This post is to let the class and the blogosphere know that I am still alive and working on our non-profit project. Jade and I wrote up a draft of our assessment and strategic plan for the New Sudanese Community Association. You can find our Google Doc here:
We went ahead and met with Abraham, the executive director of NSCA, on Friday morning to see what he thought of our project and also to gain access to the website (we got the password the next day!). Abraham and his associate, Daniel Lual, seemed happy about the ideas. They said that they’d have to run the project past the Board of Directors next Saturday, but didn’t see any reason why it wouldn’t pass, especially since we can start up a WordPress site (our idea) for free, and still give them all the features they had hoped we’d be able to do.
I chose to examine the non-profit WordPress site of Wiser, which helps to promote education for girls in Kenya. This site definitely looks like something Jade and I could make (I hope…haha). The website has–like the sites Dr. Brooks showed–a changing banner of pictures and texts that includes statistics and information about the organization. The NSCA has a lot of beautiful pictures, and Jade and I have discovered that the top third of a website is a crucial spot for visual engagement, so we’ll likely try to get a similar shifting banner and text.
This is one of the many sharp and engaging pictures on the current NSCA website.
I’m not sure how much I like the background, which is kind of a somber dusty brown. I think it might be good to keep the bright and colorful color scheme of NSCA’s original website–and that’s something to think about for other groups re-making the website: how much should change and how much should stay the same? Additionally, Wiser’s WordPress has a bar on top of the banner with more information about the organization, news and updates, programs, and “support Wiser.” Fortunately, Abraham spelled out much of what he’d like the website to look like, so Jade and I don’t have to start from total “scratch.”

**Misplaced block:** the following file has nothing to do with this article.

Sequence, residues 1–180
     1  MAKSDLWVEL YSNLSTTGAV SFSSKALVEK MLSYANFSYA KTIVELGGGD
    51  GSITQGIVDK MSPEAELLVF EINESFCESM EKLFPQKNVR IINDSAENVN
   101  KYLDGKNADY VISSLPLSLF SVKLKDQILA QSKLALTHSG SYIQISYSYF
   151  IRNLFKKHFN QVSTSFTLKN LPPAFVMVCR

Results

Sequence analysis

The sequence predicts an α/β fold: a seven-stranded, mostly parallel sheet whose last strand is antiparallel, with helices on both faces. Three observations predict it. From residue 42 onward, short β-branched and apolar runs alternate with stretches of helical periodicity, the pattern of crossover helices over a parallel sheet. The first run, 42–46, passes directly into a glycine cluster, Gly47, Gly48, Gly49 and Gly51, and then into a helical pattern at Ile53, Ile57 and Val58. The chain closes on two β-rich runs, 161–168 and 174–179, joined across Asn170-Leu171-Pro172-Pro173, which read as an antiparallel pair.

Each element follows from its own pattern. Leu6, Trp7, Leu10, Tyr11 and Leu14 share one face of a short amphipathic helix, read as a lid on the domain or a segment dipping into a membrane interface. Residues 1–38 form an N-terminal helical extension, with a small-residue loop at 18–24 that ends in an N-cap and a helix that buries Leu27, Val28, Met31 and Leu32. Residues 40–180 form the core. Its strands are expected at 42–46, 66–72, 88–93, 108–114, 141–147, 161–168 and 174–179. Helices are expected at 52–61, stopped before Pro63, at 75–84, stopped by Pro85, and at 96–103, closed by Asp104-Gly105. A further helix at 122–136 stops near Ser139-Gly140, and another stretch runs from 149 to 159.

Wiser has short blogs linked to the main page when the user scrolls down–they update about once a month. Hopefully we will be able to foster an interactive atmosphere for NSCA on WordPress, but the best we can hope for is to create a space online for it to potentially happen. One thing that Wiser ought to have done more of is their “categories” and “tags.” They only have about one each. As far as I know, this is a crucial way to connect and network with other people.
This appears to be the official logo for NSCA (we’ll have tomake sure there’s no copyright on it). Wiser’s logo is there name with a tree taking the place of the “I”. Theirs seems effective because it has their name, but I think the most important thing is going to be consistency.
There was only one small video I could find on Wiser’s site. Jade and I have been speculating whether or not we would want to interview one of the members of NSCA. We do know that they have at least a couple videos, one covering the referendum to make South Sudan an independent country. One thing to think about is who the site is targeting. Like I’ve said before, Abraham doesn’t have a hard time staying in contact with the Sudanese community, so we might want to cater a bit more to those with no foreknowledge about the group or Sudan.
Lastly, the Wiser site has no external resources (despite having a “resource” page). This might be another great way to “cross-promote” with other organizations.
Alright, that’s it for now! Look for more to come as Jade and I begin to implement our plan and await approval…I’m optimistic.